AFIP SYSTEMIC PATHOLOGY

JPC SYSTEMIC PATHOLOGY

INTEGUMENTARY SYSTEM

September 2019

I-M32

 

Signalment (JPC 2614951): Nine-year-old domestic shorthair cat

 

HISTORY: This cat had a swollen, soft, discolored footpad.

 

HISTOPATHOLOGIC DESCRIPTION: Skin, footpad: Infiltrating the dermis, separating and surrounding footpad adipose tissue and collagen bundles, and surrounding adjacent adnexa are multifocal to coalescing aggregates of numerous plasma cells and fewer lymphocytes and neutrophils. Frequently, plasma cells are packed with globular, eosinophilic, intracytoplasmic vacuoles (Russell bodies within Mott cells). There is increased dermal clear space separating collagen fibers as well as ectatic lymphatics (edema) that occasionally contain aggregates of lymphocytes. There is mild multifocal increased intercellular clear space and accentuation of intercellular bridges (spongiosis).

 

MORPHOLOGIC DIAGNOSIS: Skin, footpad: Pododermatitis, plasmacytic, multifocal to coalescing, marked, domestic shorthair, feline.

 

CAUSE: Unknown

 

CONDITION: Feline plasma cell pododermatitis

 

GENERAL DISCUSSION:

·      Rare skin disease of cats; rarer in dogs

·      No breed predilection, typically affects cats 6-months to 12-years of age, neutered males are possibly predisposed

·      A minority of affected cats also have plasma cell stomatitis, immune-mediated glomerulonephritis, or renal amyloidosis; may have concurrent indolent ulcers or eosinophilic granulomas

·      Both medical and surgical treatment is curative

·      Recent reports document a concurrent FIV infection in 50% of cases

 

PATHOGENESIS:

·      Pathogenesis is unknown

·      Possibly immune-mediated because there is:

·      Persistent hypergammaglobulinemia

·      Plasma cell infiltrate

·      Beneficial response to glucocorticoid and immunomodulatory (i.e. doxycycline) treatment

·      Recurrence in warm weather supports an allergenic origin

·      Immunohistochemistry and PCR studies have not revealed any infectious agents, though some cases are responsive to doxycycline treatment

 

TYPICAL CLINICAL FINDINGS:

·      Non-painful unless there is ulceration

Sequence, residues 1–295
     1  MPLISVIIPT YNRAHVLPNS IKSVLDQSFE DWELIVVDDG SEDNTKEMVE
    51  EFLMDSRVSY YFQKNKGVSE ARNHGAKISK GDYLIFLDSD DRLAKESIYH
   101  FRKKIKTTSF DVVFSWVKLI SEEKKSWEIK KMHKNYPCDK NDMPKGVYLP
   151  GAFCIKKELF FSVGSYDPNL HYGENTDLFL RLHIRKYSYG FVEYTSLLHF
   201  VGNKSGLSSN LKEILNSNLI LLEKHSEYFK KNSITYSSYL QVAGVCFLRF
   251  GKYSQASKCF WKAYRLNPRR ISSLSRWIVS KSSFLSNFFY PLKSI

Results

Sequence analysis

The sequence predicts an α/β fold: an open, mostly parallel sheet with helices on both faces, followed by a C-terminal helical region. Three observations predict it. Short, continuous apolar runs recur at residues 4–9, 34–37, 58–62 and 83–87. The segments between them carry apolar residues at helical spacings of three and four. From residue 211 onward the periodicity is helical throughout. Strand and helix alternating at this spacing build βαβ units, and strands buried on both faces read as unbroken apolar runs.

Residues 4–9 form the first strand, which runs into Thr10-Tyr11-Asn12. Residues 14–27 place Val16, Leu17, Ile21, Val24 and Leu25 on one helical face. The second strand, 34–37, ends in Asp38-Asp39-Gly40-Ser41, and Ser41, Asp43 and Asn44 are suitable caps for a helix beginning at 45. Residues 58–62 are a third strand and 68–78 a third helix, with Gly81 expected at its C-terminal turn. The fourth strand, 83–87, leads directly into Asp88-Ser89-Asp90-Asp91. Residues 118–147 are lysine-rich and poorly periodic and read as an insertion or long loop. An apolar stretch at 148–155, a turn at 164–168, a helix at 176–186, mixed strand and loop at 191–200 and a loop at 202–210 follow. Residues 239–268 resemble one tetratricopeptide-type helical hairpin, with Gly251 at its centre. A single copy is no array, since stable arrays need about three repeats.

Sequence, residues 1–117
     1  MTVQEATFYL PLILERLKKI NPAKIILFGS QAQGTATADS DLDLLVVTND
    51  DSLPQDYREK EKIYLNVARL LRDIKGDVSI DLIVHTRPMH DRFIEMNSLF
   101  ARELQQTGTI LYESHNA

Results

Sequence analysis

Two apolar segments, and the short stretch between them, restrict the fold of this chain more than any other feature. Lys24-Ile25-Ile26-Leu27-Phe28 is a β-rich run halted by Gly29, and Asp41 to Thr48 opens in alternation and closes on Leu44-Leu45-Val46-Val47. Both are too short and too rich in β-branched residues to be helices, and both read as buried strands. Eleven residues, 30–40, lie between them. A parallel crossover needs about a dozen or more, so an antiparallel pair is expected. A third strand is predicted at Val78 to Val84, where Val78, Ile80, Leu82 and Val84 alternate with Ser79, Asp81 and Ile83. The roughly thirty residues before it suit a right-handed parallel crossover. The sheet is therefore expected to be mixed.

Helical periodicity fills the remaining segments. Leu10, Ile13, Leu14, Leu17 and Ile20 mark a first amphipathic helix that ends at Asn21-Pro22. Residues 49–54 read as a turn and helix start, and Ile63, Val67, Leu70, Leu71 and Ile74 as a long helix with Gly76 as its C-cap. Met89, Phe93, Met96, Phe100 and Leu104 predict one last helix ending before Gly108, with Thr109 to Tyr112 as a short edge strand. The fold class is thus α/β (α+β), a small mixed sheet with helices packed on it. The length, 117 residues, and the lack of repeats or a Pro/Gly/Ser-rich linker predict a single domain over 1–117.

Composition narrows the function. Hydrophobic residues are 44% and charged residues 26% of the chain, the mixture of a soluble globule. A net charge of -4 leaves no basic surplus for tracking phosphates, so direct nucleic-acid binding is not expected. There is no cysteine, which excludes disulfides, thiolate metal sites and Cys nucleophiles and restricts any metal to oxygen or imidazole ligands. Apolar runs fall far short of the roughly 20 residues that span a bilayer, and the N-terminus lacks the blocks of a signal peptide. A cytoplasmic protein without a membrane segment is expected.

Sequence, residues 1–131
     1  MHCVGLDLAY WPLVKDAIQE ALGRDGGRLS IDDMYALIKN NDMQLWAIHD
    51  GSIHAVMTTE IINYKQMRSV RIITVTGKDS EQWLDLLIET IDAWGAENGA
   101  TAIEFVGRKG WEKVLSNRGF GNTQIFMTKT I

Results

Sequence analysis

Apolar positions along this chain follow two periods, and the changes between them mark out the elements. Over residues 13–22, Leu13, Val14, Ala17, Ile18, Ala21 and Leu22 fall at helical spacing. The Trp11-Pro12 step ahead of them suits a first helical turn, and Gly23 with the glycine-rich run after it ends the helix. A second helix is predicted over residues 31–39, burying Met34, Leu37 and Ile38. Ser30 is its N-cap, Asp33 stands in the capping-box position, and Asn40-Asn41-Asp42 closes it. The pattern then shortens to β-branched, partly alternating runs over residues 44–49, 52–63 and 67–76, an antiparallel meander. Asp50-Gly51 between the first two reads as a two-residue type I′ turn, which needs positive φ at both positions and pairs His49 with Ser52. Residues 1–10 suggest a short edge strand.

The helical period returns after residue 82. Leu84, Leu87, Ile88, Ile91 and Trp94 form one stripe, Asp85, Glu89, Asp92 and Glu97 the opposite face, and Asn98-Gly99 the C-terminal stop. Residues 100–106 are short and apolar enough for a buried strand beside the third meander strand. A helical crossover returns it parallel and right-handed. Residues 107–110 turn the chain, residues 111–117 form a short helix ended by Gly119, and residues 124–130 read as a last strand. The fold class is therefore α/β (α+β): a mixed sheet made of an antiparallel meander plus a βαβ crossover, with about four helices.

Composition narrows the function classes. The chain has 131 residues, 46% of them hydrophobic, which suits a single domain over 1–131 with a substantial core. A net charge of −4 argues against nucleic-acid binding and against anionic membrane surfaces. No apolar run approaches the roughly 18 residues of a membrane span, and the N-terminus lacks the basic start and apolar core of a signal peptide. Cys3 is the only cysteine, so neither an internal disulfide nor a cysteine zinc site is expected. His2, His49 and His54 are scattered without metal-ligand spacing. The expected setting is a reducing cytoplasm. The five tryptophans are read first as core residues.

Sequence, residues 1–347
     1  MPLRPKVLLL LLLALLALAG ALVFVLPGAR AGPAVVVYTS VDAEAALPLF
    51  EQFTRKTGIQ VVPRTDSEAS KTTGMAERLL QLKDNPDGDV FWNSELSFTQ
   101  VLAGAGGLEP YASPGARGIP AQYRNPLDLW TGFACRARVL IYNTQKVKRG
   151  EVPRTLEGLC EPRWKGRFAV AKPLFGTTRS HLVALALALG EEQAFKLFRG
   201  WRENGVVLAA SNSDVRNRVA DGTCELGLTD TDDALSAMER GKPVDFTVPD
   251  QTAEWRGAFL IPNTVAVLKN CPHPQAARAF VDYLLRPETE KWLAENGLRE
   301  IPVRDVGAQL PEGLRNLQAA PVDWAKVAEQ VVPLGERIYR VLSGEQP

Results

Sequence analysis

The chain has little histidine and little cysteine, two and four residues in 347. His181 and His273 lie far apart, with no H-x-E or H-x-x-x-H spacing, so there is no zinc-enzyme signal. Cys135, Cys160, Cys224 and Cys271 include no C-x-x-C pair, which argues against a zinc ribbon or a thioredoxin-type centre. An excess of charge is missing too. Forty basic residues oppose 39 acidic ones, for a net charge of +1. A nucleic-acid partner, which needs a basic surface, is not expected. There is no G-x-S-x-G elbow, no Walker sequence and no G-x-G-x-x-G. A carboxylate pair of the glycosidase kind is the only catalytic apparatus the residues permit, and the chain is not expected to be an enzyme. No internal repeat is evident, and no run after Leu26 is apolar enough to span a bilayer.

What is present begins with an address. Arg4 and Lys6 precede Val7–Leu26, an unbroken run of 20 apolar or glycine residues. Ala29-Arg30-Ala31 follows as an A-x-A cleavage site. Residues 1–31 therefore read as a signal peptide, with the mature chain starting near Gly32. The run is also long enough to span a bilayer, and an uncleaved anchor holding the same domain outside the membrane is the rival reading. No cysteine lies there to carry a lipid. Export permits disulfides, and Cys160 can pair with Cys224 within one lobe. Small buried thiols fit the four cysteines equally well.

TYPICAL GROSS FINDINGS:

·      Gross appearance is diagnostic

·      Commonly affects multiple pads on multiple feet; larger metacarpal and metatarsal pads are most commonly affected

·      Uniform swelling that does not disturb normal pad architecture with web-like, cross-hatched appearance to the pad surface

·      Ulceration is common

 

TYPICAL LIGHT MICROSCOPIC FINDINGS:

Cutaneous lesions:

·      Histologic features are diagnostic

·      Early, superficial and deep plasmacytic vasculitis that progresses to diffuse dermal plasma cell infiltrate that obscures normal architecture

·      Plasma cells containing Russell bodies (Mott cells) can be frequent

·      Leukocytoclastic vasculitis is rare

·      Epidermal acanthosis, erosion, or ulceration

·      Variable number of neutrophils independent of ulceration

·      Suppurative to pyogranulomatous inflammation secondary to ulceration/proliferation

Other lesions:

·      +/- Renal lesions:

·      Renal amyloidosis

·      Immune complex glomerulonephritis with positive direct immunofluorescence indicating immunoglobulin deposits within the basement membrane zone

·      +/- Oral lesions: Plasma cell stomatitis

 

ADDITIONAL DIAGNOSTIC TESTS:

·      Cytology: Aspiration cytology reveals predominately plasma cells; in combination with classic clinical appearance, biopsy may not be necessary

·      Serum immunoelectrophoresis: hypergammaglobulinemia

·      Some cases also have: positive antinuclear antibody tests, Coombs-positive anemia, polyclonal gammopathy

 

DIFFERENTIAL DIAGNOSIS:

·      Eosinophilic granuloma: Features eosinophils and collagen degradation; will not usually involve multiple foot pads

·      Nocardiosis: Swelling of foot pads with pyogranulomatous inflammation

·      Neoplasia: Eccrine carcinoma, metastatic pulmonary bronchioloalveolar carcinoma (multiple feet), plasmacytoma (typically only one foot)

·      Infectious or sterile granuloma

·      Foreign body

·      Insect bites

 

REFERENCES:

1.    Bettenay SV, Lappin MR, Meuller. An immunohistochemical and polymerase chain reaction evaluation of feline plasmacytic pododermatitis. Vet Pathol. 2007;44(1):80-83

2.    Breathnach, R.M., Baker, K.P., Quinn, P.J., McGeady, T.A., Aherne, C.M., and Jones, B.R. Clinical, immunological and histopathological findings in a subpopulation of dogs with pododermatitis. Veterinary Dermatology. 2005;16: 364–372.

3.    Guaguere E, Hubert B, Delabre C. Feline pododermatoses. Vet Dermatol. 1992;3(1): 1-12.

4.    Hargis AM, Myers S. The Integument. In: Pathologic Basis of Veterinary Disease. 6th ed. St. Louis, MO: Elsevier. 2017: 1145.

5.    Mauldin EA, Peters-Kennedy J. Integumentary system. In: Maxie MG ed. Jubb, Kennedy, and Palmer’s Pathology of Domestic Animals. Vol 1. 6th ed. Philadelphia, PA: Elsevier Ltd. 2016: 613-614.

6.    Scott DW, Miller WH, Griffin CE. Miscellaneous skin diseases. In: Small Animal Dermatology.7th ed. Philadelphia, PA: WB Saunders Co; 2013: 718-719.


Click the slide to view.



Click on image for diagnostic series.



Back | Home | Contact Us | Links | Help |